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The World-Wise JFK

January-February 2021

Archival photograph of John F. Kennedy as an undergraduate, circa 1939, studying papers

John F. Kennedy as an undergraduate, circa 1939, had well-formed views on the advent of World War II.

Photograph courtesy of the John F. Kennedy Presidential Library and Museum


John F. Kennedy as an undergraduate, circa 1939, had well-formed views on the advent of World War II.

Photograph courtesy of the John F. Kennedy Presidential Library and Museum

Does the world need a new life of John F. Kennedy ’40, LL.D.’56? Yes, if the author is Fredrik Logevall, Belfer professor of international affairs and professor of history. His Pulitzer Prize-winning Embers of War illuminated America’s path into Vietnam, combing archives from around the world to present a gripping multinational narrative of decisionmaking and unfolding disaster. Now, adding the biographer’s disciplines to his historical and narrative prowess, Logevall delivers JFK: Coming of Age in the American Century, 1917-1956 (Random House, $40), the first volume of two. The subtitle points to Kennedy as a central figure in American internationalism, shaped by his birth during World War I and his education and maturation during World War II and after—subjects central to Logevall’s expertise, and to the country’s current, contested search for a productive new role in world affairs. From chapter nine, on JFK’s senior thesis, separating his thinking from that of his appeasement-minded father (U.S. ambassador in London), and subsequently published as Why England Slept (1940):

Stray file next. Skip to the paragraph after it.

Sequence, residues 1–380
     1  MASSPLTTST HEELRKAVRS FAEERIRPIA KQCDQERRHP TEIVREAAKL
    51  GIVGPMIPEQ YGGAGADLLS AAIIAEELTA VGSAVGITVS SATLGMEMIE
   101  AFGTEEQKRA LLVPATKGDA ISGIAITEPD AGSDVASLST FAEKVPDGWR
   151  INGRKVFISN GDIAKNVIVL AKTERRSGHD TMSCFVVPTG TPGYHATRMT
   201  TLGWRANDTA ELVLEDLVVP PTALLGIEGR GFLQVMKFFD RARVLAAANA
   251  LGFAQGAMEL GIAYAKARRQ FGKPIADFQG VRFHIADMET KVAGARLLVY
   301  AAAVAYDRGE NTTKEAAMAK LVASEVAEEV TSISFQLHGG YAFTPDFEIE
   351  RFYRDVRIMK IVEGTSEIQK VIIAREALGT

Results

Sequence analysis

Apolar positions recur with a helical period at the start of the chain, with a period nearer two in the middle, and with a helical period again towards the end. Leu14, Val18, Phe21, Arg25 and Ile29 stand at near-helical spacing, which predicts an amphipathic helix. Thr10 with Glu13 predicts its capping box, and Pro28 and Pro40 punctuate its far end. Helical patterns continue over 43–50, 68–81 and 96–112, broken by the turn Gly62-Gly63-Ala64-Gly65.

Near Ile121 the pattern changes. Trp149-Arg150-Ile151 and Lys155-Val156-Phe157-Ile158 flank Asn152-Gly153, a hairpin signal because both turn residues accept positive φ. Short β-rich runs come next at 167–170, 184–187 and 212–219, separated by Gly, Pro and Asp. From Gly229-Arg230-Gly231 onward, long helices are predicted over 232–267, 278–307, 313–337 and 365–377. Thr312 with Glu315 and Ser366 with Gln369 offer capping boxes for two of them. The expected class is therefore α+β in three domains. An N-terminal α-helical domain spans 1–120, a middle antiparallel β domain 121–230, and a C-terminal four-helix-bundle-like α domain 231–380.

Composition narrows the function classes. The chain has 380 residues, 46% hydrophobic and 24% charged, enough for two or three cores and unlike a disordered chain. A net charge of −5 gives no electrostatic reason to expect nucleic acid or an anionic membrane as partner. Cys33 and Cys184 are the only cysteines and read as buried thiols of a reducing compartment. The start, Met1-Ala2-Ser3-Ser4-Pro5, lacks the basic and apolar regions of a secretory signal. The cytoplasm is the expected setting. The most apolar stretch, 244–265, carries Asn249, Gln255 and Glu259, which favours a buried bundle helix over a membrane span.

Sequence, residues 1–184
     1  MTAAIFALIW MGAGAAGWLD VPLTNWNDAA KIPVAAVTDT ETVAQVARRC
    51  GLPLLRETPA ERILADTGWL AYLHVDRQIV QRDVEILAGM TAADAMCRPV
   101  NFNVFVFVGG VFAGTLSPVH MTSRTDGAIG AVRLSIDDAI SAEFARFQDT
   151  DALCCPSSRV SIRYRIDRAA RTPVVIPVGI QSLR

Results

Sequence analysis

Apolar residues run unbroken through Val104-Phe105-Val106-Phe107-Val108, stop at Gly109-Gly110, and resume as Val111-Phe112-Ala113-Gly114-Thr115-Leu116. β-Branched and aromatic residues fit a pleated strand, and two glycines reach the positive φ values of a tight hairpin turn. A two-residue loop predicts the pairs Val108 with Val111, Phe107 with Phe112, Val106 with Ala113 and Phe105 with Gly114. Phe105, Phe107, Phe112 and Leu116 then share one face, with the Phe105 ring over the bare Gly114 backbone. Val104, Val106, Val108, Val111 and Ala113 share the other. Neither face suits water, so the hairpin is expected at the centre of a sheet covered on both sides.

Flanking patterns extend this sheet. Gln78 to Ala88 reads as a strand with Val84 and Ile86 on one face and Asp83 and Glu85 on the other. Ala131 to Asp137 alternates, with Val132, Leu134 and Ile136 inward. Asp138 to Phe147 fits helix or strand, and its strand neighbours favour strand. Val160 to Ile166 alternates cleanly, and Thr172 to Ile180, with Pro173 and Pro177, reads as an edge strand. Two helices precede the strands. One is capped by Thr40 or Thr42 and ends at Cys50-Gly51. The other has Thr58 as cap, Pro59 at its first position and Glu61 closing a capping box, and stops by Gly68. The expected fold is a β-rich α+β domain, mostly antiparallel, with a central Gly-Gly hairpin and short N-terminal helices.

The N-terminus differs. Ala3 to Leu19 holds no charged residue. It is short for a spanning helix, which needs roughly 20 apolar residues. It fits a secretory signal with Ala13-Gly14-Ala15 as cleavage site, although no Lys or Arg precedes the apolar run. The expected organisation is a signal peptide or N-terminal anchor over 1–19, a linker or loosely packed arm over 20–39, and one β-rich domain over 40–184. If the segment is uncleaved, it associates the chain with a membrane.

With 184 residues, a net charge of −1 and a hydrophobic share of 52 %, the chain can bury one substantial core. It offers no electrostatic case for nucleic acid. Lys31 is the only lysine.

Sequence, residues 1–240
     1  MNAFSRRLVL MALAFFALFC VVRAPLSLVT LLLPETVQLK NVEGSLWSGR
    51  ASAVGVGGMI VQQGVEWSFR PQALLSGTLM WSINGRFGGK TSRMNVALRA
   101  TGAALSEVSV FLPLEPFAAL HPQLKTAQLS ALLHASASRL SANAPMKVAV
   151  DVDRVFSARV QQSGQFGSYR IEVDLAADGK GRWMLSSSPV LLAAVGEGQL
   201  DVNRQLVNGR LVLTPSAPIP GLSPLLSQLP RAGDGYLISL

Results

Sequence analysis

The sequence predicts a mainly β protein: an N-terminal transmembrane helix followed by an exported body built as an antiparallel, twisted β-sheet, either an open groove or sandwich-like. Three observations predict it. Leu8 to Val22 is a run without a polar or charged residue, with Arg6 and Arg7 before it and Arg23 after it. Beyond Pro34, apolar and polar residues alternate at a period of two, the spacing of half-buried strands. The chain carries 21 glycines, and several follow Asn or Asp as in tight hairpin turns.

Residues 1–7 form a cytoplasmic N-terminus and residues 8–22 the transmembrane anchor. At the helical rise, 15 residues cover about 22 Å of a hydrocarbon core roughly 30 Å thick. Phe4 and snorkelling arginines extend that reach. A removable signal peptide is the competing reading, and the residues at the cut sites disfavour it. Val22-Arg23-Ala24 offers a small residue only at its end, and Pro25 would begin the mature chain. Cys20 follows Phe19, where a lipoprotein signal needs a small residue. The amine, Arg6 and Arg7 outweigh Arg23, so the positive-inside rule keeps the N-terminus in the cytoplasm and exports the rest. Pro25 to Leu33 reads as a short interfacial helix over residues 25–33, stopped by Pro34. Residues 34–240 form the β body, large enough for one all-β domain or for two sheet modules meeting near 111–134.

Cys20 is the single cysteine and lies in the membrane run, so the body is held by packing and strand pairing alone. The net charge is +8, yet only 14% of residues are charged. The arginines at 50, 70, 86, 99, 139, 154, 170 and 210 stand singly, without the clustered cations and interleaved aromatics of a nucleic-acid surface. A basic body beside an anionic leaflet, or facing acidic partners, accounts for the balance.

How was it, Jack wanted to know, that Britain found itself on the cusp of another destructive war so soon after escaping the most devastating conflagration in history?

He hit Widener hard in the late fall, reading parliamentary debates and newspaper reports on British attitudes—official and popular—in the 1930s, and checking out pertinent books as he found them. A hypothesis took hold: Chamberlain’s accommodation of Hitler was a logical outcome of Britain’s lackluster rearmament efforts earlier in the thirties, and of the entrenched opposition among the public to another war.…

More and more that winter and spring, the Kennedy brothers at Harvard saw the European war in contrasting ways. Joe Junior kept on trumpeting an unvarnished isolationism, more stark even than his father’s. Jack, on the other hand, came back to school after the Christmas break more convinced than ever that isolationism was untenable, its adherents guilty of underestimating the Nazi threat.…

Hardly anyone before Jack had undertaken this kind of study, investigating the birth and development of appeasement in Great Britain.…For most Britons, the events were too close, too painful to examine in the exacting way the young American set about doing—and largely by himself….Jack himself brought the strands of his story together, assembling into a coherent narrative the untold account of how British politicians, labor and religious leaders, students, and writers debated preparedness and international affairs during the 1930s.…

Jack anticipated later struggles over how best to respond to totalitarian threats while upholding democratic governance and civil liberties. With clinical detachment he maintained that dictatorships by their nature have an easier time than democracies do in mobilizing resources….Whereas citizens in totalitarian societies can be instructed on what to do, those in free societies must be won over, and that doesn’t always happen quickly.…

To read the thesis today is to be struck above all by the impressive source base, by the acuity and authenticity of the analysis, and by the commitment to making historical judgments only on the basis of carefully examined evidence.

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